And for those whose spouses did get sober--how about the emotional connection then?
This is what I call "spinning." Trying to figure out all the what if's and what might be's. It's a tactic my mind uses on me to avoid dealing with what is.

So, for purposes of this thread, let's say a bunch of us tell you "yes, it's all just the alcohol, and when he gets sober you will have an emotional connection again." Or, suppose a bunch of us say, "no, you can never have that kind of connection with an alcoholic, they are incapable of it."

Do either of those answers change your circumstances?

You're still left with what you have now. Is it what you want?

L
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Old 11-18-2010, 12:20 PM
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I can share this...

...I have a very large ego, which is also very fragile, and it has been a constant barrier for me and my wife as we have sought a deeper intimacy in our relationship together (by we I mean mostly her). How, after 12 years together, this alcoholic woman and this control freak with an enormous ego are still together I just don't know.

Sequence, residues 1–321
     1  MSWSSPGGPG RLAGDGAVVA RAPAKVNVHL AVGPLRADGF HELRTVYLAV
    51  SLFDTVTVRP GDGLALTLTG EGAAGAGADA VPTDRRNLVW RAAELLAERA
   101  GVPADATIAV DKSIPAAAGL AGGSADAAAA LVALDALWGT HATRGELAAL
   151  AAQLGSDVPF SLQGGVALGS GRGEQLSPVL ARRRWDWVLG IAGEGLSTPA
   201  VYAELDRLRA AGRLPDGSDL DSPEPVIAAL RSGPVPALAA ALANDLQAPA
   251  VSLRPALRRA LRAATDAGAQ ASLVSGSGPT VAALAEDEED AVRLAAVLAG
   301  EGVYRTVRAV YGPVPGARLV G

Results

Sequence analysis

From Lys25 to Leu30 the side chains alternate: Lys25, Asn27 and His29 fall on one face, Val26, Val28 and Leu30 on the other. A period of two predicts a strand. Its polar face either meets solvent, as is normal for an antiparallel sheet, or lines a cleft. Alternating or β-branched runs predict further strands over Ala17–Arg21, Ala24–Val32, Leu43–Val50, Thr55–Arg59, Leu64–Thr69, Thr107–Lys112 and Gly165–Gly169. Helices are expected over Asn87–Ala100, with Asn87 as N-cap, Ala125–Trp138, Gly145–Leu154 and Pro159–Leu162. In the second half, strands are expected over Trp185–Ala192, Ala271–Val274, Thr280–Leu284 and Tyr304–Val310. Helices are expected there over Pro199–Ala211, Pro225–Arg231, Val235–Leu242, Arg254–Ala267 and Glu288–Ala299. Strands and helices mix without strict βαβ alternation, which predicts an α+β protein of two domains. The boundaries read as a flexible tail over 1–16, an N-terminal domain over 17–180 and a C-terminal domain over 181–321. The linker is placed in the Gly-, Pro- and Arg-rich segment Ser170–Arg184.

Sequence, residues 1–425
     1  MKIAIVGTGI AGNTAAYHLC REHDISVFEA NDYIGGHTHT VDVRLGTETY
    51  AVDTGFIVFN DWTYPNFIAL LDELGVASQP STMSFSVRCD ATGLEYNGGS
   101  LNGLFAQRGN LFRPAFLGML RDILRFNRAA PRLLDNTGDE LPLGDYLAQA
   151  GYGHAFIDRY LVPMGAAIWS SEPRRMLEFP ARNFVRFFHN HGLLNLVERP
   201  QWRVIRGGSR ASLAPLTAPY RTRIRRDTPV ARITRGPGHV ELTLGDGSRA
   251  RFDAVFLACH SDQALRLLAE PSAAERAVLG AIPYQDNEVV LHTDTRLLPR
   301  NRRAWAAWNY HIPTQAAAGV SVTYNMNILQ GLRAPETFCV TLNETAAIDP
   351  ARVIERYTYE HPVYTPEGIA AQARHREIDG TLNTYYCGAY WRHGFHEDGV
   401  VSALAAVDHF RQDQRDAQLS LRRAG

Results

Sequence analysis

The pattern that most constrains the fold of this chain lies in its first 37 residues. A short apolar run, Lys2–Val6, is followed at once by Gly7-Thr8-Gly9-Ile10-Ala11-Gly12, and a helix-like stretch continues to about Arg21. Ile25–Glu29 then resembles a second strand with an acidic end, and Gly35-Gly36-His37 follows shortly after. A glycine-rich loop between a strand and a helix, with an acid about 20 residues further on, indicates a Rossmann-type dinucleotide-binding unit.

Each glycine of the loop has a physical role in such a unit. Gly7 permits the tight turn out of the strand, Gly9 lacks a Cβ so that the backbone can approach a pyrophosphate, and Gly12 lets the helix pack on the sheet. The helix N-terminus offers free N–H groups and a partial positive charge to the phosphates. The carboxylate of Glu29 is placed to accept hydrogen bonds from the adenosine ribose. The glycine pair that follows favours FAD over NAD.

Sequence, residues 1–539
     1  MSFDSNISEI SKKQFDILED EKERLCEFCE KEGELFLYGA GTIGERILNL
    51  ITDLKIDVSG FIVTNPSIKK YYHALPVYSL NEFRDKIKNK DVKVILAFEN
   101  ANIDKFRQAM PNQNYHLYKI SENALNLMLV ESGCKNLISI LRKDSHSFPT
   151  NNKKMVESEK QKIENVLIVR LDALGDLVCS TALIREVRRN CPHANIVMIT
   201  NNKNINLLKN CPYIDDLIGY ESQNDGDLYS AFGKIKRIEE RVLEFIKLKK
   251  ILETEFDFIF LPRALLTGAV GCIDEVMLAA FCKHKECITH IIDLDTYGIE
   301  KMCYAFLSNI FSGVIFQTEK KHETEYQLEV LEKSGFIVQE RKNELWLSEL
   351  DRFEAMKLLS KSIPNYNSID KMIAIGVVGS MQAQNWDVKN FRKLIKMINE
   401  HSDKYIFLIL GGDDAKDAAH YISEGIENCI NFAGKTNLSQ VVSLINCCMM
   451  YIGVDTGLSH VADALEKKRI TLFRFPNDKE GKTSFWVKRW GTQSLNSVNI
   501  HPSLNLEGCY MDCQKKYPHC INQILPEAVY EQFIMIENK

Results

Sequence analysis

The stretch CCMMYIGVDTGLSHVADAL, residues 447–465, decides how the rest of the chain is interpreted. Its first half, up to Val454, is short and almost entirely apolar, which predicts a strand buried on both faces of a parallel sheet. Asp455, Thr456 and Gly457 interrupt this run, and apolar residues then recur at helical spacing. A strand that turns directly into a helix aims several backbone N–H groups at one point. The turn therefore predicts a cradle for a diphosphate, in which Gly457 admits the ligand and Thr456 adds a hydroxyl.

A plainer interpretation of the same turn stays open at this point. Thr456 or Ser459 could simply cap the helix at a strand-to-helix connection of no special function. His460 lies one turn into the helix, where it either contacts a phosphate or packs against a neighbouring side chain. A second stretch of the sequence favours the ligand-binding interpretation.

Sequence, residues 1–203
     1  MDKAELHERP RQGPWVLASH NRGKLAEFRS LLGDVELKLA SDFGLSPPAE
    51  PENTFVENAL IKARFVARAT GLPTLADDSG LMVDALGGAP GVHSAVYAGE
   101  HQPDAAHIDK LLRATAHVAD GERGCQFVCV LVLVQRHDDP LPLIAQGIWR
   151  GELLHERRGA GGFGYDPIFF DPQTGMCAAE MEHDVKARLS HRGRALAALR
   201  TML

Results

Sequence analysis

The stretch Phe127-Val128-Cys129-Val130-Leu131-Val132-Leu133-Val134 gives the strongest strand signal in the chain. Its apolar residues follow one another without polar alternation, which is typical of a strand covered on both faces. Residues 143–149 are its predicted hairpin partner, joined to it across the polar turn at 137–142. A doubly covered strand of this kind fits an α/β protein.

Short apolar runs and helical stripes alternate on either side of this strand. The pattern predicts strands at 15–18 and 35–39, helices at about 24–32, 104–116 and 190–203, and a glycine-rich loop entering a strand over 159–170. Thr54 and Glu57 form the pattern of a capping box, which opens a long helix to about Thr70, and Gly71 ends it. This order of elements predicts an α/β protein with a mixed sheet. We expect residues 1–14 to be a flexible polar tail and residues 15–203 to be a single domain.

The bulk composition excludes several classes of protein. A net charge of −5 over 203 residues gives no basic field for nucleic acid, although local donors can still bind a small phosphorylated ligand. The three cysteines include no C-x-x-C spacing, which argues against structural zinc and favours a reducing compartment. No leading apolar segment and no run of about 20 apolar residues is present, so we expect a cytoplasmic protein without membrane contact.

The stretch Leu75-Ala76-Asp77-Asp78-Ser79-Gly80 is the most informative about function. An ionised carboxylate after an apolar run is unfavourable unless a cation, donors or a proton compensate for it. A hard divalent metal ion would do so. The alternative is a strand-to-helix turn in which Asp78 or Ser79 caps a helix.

I can't control her and I can barely control me (thank God I wasn't born with the addiction gene or I'd be long dead by now), so that's not it. I'm pretty sure that it's her-- she is a fighter, far more than me, and is relentless in seeking her own recovery and trying to break through my ego (primarily by consistantly calling me on my high-level BS and hypocrisy-- very annoying).

Fast forward 12 years and we are in His and Hers Recovery. Seven years of Al-Anon for me and four months of AA/NA for her. This has helped me deal with my still too large ego and my urge to lie about everything to her and, as a result, our level of intimacy is increasing much to her delight and much to my dismay. I don't want to be this connected to her because of my fear of relapse. I built this wall for a reason, and watching it be dismantled brick by brick is scaring the shi* out of me.